Keyguard for the CoughDrop iPad app.
CoughDrop is an extremely versatile app with lots of predefined vocabularies and layouts, plus the ability to customize any layout, for nearly infinite possibilities.
This keyguard supports different designs based on user settings and preferences. Each of these affects the positioning of items on the screen, and thus the design of the keyguard itself. Your Lasered Pics keyguard will be truly custom-designed to match every one of the choices you make for the end user.
Select Device - Select the version of iPad you have. If you don't know, see "How to Determine Which iPad You Have" below. This keyguard does not come with an iPad.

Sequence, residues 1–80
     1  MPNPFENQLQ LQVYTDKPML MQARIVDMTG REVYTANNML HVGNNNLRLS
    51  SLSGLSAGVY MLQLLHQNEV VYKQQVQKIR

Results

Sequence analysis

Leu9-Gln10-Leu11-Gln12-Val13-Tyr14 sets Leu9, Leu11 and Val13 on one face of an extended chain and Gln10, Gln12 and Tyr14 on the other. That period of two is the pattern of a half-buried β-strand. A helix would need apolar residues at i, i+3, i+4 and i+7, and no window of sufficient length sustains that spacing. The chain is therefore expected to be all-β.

To Fit Case - Select the case that you have on your iPad. Select "None" if the iPad is not in a case. Select "Other" at the bottom of the list if your case is not on the list, and specify the case in the Special Instructions field. If you don't know which case you have, see our blog How to Identify an iPad Case. This keyguard does not come with an iPad case. You are specifying the case you already have.
Attachment - See "Important Notes About Cases and Keyguard Attachment" below.
Orientation - CoughDrop allows both landscape and portrait orientations. Choose the one you want to use.
Rows and Columns - Specify the number of rows and columns in the grid.
Vocalization Box Size - From the CoughDrop dashboard, go to the drop down menu in the upper right corner that shows your user name. Choose "Preferences". Specify the value you have set for Vocalization Box Size.
Show Back Button - From the CoughDrop dashboard, go to the drop down menu in the upper right corner that shows your user name. Choose "Preferences". Always turn this checkbox on when using a keyguard.